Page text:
Proprioception: The special function of the ACL
As well as providing a restraint to abnormal knee movement, the ACL gives important information to the muscles involved in the reflex control of knee movements. Nerve fibres give the knee a sense of position and movement and this sensory awareness is known as proprioception. It is a normal feature of all joints and helps to give us balance control and confidence in movements.
After reconstruction this key function needs to be relearnt. This involves special rehabilitation exercises for the hamstrings and quadriceps (thigh) muscles along with the core strength from the pelvis and balance control work. It is more than just strength work - it is about the fine control movements in landing and pivoting in order to prevent re-injury.
Overall Rehabilitation Plan
The overall rehabilitation plan emphasises the importance of pre-operative exercises, followed post operatively by early control of swelling and regaining full extension (straightening) and flexion (bending) of the knee. Working on strength can only start once swelling has been controlled and range of movement is nearly normal. Return to function then follows.
The outline that follows is only meant as a guide and there is considerable variation in the specific goals and exercises. It is important to follow the advice of the specific responsible surgeon and rehabilitation team.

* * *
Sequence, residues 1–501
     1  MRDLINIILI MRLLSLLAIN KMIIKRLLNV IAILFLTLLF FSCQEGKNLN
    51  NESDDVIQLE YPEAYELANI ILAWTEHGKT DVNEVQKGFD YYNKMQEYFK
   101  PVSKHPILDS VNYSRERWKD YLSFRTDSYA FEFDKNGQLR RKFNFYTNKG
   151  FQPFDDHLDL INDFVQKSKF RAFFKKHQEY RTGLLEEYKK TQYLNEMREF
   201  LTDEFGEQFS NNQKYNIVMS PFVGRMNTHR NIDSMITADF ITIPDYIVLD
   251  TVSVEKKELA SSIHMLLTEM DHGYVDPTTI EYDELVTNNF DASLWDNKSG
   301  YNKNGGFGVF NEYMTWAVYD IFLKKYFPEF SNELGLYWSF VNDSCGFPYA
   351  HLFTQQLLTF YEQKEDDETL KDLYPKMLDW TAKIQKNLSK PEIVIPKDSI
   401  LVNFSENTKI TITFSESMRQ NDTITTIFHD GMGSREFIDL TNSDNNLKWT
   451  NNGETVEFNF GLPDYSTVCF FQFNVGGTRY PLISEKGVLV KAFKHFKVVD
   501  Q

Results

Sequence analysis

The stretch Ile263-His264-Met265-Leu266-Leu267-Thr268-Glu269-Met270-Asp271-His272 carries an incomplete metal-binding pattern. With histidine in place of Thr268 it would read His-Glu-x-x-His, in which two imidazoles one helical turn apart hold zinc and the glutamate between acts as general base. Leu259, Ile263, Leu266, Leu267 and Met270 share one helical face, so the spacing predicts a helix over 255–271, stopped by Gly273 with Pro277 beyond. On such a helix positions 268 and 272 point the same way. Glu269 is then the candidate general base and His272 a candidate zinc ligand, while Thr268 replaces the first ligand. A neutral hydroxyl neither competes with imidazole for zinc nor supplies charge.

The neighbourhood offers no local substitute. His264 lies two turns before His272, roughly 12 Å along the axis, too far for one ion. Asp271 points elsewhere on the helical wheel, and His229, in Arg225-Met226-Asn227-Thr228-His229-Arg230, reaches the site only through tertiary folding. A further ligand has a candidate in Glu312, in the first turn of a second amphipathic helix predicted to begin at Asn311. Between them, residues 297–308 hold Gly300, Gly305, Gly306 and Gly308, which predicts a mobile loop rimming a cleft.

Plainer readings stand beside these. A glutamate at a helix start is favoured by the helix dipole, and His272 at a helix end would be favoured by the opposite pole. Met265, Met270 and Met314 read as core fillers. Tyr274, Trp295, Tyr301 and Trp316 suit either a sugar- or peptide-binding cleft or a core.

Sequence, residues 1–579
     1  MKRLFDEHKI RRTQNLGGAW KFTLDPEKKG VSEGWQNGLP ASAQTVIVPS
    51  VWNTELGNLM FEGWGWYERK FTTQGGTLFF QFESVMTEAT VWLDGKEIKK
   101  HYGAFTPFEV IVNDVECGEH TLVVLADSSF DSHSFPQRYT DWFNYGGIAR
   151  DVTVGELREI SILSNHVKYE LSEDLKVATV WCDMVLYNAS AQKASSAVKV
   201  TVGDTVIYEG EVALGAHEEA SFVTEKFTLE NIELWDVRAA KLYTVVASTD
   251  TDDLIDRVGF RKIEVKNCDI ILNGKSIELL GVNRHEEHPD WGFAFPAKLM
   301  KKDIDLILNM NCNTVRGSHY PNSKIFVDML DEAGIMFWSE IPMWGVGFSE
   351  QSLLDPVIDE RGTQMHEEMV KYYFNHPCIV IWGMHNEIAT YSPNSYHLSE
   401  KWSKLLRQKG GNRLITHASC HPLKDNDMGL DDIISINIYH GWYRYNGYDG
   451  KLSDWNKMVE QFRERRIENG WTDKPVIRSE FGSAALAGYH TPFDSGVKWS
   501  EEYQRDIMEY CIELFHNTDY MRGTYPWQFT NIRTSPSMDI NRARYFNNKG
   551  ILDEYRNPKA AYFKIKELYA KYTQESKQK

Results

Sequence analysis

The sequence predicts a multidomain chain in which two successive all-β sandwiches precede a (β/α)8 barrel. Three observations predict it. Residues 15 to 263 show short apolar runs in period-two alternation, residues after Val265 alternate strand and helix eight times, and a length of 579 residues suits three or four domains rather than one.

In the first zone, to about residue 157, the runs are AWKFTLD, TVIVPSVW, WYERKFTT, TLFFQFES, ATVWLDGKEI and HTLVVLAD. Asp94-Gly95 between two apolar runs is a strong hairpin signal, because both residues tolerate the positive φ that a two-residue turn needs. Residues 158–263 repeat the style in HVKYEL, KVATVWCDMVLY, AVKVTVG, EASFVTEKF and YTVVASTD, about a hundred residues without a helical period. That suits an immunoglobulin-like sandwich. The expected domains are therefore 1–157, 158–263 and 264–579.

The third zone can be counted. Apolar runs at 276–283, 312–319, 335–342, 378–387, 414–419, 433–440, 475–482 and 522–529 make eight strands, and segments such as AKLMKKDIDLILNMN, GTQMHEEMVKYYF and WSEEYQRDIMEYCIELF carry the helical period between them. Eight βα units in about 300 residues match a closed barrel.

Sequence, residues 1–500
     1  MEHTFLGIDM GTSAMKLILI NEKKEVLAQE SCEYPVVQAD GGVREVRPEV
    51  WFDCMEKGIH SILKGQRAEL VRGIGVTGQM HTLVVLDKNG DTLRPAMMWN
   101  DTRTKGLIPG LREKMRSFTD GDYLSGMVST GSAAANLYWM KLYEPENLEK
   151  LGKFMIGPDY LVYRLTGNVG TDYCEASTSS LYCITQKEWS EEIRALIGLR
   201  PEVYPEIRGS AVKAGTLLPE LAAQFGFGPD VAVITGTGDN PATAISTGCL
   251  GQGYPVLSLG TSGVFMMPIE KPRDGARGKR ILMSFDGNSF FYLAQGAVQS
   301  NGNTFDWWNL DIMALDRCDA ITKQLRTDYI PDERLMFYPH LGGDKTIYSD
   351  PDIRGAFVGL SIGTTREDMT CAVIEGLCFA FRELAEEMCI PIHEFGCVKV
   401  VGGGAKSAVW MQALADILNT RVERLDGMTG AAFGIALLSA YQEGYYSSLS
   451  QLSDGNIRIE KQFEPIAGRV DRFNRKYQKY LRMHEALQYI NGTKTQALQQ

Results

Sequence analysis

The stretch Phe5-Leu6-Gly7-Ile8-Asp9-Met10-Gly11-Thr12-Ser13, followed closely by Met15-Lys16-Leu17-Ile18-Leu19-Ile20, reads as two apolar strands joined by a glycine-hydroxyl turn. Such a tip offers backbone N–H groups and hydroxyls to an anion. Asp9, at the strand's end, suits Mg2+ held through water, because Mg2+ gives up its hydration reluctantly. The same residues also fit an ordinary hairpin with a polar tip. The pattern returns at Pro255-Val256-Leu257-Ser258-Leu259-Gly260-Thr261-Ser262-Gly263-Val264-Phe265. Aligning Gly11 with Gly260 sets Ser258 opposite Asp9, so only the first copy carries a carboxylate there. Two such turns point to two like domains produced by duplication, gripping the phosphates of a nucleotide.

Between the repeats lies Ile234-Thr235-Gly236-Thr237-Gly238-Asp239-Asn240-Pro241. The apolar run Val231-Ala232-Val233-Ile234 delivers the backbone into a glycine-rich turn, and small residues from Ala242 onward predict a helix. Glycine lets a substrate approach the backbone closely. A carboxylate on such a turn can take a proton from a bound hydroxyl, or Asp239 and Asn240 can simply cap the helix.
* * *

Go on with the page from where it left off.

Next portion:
Key to Success: Working with your physiotherapist
The key to successful rehabilitation is to regain normal, full straightening of the knee as soon as possible, as well as to control swelling in the early post-operative phase before progressing to strength activities.
For the first six weeks, until the new graft is well bedded in and healed in place, exercises are performed gently with the aim of regaining normal bending and straightening as the swelling settles.
Repetitive cycling of the knee is usually restricted during the first 6 weeks as this may overload the fixation of the ligament and lead to slippage of the graft and effective lengthening of the new ligament.
During exercises the foot is initially kept in contact with the ground or with the surface of an exercise machine – these are called ‘closed’ kinetic chain exercises.
Elevation of the leg between exercises to reduce swelling is also important and helps allow the bending to improve.
‘Open’ kinetic chain exercises, where the foot is unsupported, are introduced towards the end of the first six weeks as knee control and strength improves. This allows muscle strength to improve without putting excessive stress on the graft.
The NLR has been successfully gathering patient data since 2013, after it was launched at BASK.
There are currently:
Number of active users: 712
Number of Pathways: 12098
Total Number of Registered Patients: 11796
(includes patients awaiting surgery)